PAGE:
Back on the California farm, sometime in the early 1940s, the neighborhood dog, a huge chestnut German shepherd named Browny, came to a tragic end.
As I reflect on my early years with animals, I realize that I celebrate his life for several reasons. Knowing him, accepting his way of life, impressed my six-year-old mind with the fact that dogs have personality and self-directed consciousness. Browny knew no master, but responded to us kids with interest and friendly respect.
We decided the big German shepherd really belonged to old man Madeiros, who lived across the dirt road (Madeiros Avenue) that separated his acreage from ours. But I think it was Mr. Madeiros who said Browny owned the neighborhood.
We met him soon after we moved into the 100-year-old redwood farmhouse set on a gentle rise beyond the apricot orchard. One sunny day, after exploring the creek below the house, my brother Harold and I had nearly reached the top of the hill when Boots suddenly stiffened beside us. Her tail stood quivering in its feathery semicircle and her ears stood straight up.
I gasped when I saw what had excited her. The huge “police dog” that had chased our car every time we drove down Madeiros Avenue was racing toward us across the mustard field. Hal made a grab for Boots and pulled her into his nine-year-old arms, but she jumped out of his grasp and dashed away to stand firm as the huge German shepherd ran up to her.
“Hey Browny, good dog. Come here, Boots,” Harold called.
Browny must have been at least three times Boot’s half-grown size. I had visions of the monster wolf foaming at the mouth and going after my helpless woolen baby. I didn’t notice that his tail was wagging. Boots was acting more like a coquettish vixen, however, racing sideways as if she enjoyed the touch of the big male’s nose. I did notice how tall she was—no longer the tubby ball of fur I remembered pulling at the end of the string Pa handed us on Christmas morning more than a year ago. She had long legs that nearly matched the size of her white paws.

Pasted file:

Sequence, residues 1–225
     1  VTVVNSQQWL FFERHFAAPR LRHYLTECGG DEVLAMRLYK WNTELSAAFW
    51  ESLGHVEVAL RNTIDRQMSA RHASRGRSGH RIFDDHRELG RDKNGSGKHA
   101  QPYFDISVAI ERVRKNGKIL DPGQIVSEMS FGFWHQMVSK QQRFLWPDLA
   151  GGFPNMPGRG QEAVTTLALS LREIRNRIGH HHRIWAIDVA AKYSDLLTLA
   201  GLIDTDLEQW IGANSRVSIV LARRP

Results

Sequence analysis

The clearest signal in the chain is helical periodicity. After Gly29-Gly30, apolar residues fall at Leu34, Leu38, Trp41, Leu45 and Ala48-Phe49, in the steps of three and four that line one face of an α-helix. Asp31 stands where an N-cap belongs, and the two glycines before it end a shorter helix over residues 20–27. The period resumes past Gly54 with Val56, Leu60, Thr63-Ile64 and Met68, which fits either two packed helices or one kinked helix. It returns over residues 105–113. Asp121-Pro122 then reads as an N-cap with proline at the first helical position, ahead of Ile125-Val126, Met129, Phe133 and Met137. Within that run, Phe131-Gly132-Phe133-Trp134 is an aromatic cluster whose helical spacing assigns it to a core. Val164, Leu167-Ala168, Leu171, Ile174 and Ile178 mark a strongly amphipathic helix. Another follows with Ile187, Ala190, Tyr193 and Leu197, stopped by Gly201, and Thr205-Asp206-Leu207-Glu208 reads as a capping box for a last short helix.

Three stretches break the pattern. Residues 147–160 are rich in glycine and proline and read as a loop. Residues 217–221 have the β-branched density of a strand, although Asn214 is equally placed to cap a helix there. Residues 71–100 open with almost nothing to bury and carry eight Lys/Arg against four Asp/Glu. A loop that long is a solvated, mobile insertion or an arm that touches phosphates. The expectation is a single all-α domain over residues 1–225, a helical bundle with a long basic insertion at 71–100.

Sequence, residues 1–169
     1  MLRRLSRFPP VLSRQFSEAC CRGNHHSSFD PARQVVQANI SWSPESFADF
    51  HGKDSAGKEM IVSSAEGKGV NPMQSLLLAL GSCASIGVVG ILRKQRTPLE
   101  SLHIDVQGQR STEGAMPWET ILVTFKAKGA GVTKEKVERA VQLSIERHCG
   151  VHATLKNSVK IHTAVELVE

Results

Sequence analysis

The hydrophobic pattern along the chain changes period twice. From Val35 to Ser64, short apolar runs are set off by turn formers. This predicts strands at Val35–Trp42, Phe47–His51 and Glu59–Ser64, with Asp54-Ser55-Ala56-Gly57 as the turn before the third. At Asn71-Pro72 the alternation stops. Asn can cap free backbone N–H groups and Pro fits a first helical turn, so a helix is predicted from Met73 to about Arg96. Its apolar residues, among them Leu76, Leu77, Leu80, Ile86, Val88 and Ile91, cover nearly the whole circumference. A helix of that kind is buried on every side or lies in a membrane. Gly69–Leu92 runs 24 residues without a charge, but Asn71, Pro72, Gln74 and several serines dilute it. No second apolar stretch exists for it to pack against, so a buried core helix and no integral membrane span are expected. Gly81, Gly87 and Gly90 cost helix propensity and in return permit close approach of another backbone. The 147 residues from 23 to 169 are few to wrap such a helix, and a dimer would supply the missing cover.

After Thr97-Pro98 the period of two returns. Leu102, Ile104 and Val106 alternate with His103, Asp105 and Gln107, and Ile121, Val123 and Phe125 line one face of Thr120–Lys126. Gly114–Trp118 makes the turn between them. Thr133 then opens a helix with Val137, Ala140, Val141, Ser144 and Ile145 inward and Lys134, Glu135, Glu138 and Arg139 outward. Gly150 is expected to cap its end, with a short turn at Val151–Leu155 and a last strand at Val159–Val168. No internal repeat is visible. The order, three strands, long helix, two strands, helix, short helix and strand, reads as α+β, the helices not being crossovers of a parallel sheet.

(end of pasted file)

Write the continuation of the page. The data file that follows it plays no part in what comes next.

“She’ll be all right,” Hal said, always the optimist. “She’s been spayed.”
I didn’t stop to think about what he meant, but Browny got the idea. He took one sniff of the pup who stood eagerly before him, allowed her the same privilege—and they took off across the field and through the orchard, romping and playing and biting each other lovingly in the jaws, as if they had been friends for life.
I called, but Boots paid no attention to me. She was all for Browny, suddenly all dog—a real dog, not a toy, who preferred another strange dog to me. They remained great pals for years, Browny coming and going at odd times, never interrupting Boots’ hunting times with Oscar the cat, wisely avoiding Oscar—who refused to be chased by dogs.
Then one day, the dog catcher came to visit, inquiring about the big black shepherd who was running loose. Somehow he managed to get a flat tire in our driveway, and while he was kneeling on the ground changing the tire, Browny decided to take a leak, all over the dog catcher. We tried to stifle ourselves, but it didn’t work. The next day we found Browny dead in the orchard. Pa was convinced he was poisoned.
Are we so proud, we humans, that we can’t see things from an animal’s point of view—even when the irony is so obviously humorous?